Unravelling Polymers

The Definitive Blog on Polymers by Poly Fluoro Ltd.

Case Study - Cross Directional Expanded PTFE Gasket Tape

The challenges thrown by PTFE as a material are myriad. As we have already illustrated in various articles, the processing techniques needed for PTFE differ from those of other polymers so dramatically, that nearly every end-product requires a special-purpose machine that can be used for no other plastic. The main reason for this is that PTFE is not melt-processable. As a result, heating the polymer into a liquid state to then either mould or extrude it is not possible. Hence, we end up with processes such as paste extrusion (PTFE Tubes), skiving (PTFE tapes), and isostatic moulding (moulded PTFE parts).

Even within the space of PTFE, expanded PTFE (ePTFE) remains an anomaly in terms of processing complexity. We have covered in earlier articles that ePTFE depends on a minimum of nine different parameters, including the grade of material, the nature of the lubricant, the extrusion process, and the stretching process – to name only a few. Each of these parameters needs to be kept in range, with any deviations only revealed once the final product is out – at which point it is too late to make any changes.

While we have mastered the process of making mono-axial ePTFE gasket tapes – the standard ePTFE tape used in industrial applications – cross-directional tapes are another issue altogether. In this article, we look at the development of the same and what advantages it affords.

Difference between mono-axial and cross-directional gasket tape

The main issue with mono-axial ePTFE gasket tapes is that due to the orientation of the fibrils being in only one direction, the material is susceptible to tearing/splitting when tension is applied in the transverse direction. On the other hand, the material exhibits immense compressibility, allowing it to form a perfect seal with minimal pressure and retain its form over a range of temperatures. As such, the tape works brilliantly in applications such as flange-to-flange connections, where the assembly is not intended to be dismantled frequently, once installed.

However, in applications where the frequent opening of the system occurs, the mono-axial tapes fail over the medium-long term. For example, using mono-axial tape along the rim of a vessel that is opened multiple times a day would not work, since the constant application and relaxation of pressure would cause the fibrils to come loose and the tape to slowly disintegrate. Furthermore, with very poor recovery – mono-axial tape is soft but lacks elasticity – the seal becomes less effective each time the lid is closed and opened again.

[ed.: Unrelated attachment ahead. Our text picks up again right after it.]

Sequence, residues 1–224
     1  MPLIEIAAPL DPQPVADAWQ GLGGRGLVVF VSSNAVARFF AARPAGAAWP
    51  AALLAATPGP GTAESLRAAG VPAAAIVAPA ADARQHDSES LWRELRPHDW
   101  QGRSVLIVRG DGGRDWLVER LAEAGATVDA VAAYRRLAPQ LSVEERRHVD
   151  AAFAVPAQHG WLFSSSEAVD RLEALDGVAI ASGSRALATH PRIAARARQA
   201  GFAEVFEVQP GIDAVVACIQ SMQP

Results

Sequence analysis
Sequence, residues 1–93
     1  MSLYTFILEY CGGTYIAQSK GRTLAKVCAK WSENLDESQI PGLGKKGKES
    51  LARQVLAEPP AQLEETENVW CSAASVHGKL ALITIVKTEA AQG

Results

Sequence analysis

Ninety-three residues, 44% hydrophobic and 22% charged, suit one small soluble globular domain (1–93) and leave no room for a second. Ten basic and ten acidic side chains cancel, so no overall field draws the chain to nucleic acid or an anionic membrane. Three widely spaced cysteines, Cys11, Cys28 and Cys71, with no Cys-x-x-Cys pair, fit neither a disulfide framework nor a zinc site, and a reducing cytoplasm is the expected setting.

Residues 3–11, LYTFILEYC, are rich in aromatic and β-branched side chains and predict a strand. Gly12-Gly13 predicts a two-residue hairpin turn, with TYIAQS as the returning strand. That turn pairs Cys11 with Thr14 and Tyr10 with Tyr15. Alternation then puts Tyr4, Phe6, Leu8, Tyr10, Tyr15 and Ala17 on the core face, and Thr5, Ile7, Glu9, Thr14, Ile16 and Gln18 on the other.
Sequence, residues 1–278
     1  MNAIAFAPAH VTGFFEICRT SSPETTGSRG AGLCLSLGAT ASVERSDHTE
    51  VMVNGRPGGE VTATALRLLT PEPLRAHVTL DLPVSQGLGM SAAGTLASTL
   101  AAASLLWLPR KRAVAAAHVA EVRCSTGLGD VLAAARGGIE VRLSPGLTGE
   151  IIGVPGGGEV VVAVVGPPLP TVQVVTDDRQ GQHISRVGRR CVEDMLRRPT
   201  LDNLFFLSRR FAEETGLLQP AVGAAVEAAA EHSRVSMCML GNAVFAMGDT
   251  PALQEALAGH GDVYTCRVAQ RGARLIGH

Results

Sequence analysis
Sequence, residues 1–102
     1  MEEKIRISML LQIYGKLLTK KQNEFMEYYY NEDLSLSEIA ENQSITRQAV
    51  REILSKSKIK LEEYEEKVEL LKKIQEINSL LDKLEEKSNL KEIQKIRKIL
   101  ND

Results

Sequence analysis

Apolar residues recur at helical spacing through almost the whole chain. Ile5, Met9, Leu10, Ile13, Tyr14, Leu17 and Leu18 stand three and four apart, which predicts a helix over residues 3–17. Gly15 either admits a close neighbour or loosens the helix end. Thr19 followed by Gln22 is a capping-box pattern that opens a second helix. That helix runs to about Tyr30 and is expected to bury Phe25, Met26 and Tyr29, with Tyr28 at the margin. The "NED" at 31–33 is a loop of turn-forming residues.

To remedy this, we set out to create a cross-directional tape that would allow for strength in the transverse direction and be ideal in applications where recovery was needed. Within the industry, there are already ePTFE sheets that are made using multi-directional ePTFE layers. However, these sheets are prohibitively expensive, come in standard sizes of only 1.5mt x 1.5mt, and do not incorporate any fillers. The aim was to:

  1. Develop a low-cost tape to match the properties of multi-directional ePTFE sheets

  2. Create a highly customisable process in-house so that key properties such as compressibility, density, and thickness can be matched to suit the exact OEM requirement

  3. Incorporate fillers such as silica and barium sulphate to reduce creep and add stability to the material


Mono-axial ePTFE Tape

Cross-directional ePTFE Tape



Specific Gravity




AMS 3255A

Tensile Strength




AMS 3255A











The result

As the table above shows, the results were rather impressive. While the exact process remains proprietary, the use of special mixing techniques along with calendaring, drying, layering, and curing resulted in an enhancement of properties. The tensile strength was high in both lateral and longitudinal directions. Compressibility was understandably reduced, but the improvement in recovery meant that the material could be used in areas where pressures were erratic. Most importantly, with strength in both directions, there is no chance of any disintegration in the longer term.

By modifying the process slightly, we can influence the compressibility, thickness, and density. Further, the addition of fillers greatly arrests the cold flow of the material, meaning that long term application is more stable, as there is no risk of excess deformation slowly affecting the sealing effectiveness of a gasket.

Read More

1. Case Study - Development of a 4-axis PEEK Valve

2. Over-moulding PTFE on to Stainless Steel

Leave a reply

Notify me of follow-up comments by email.
Notify me of new posts by email.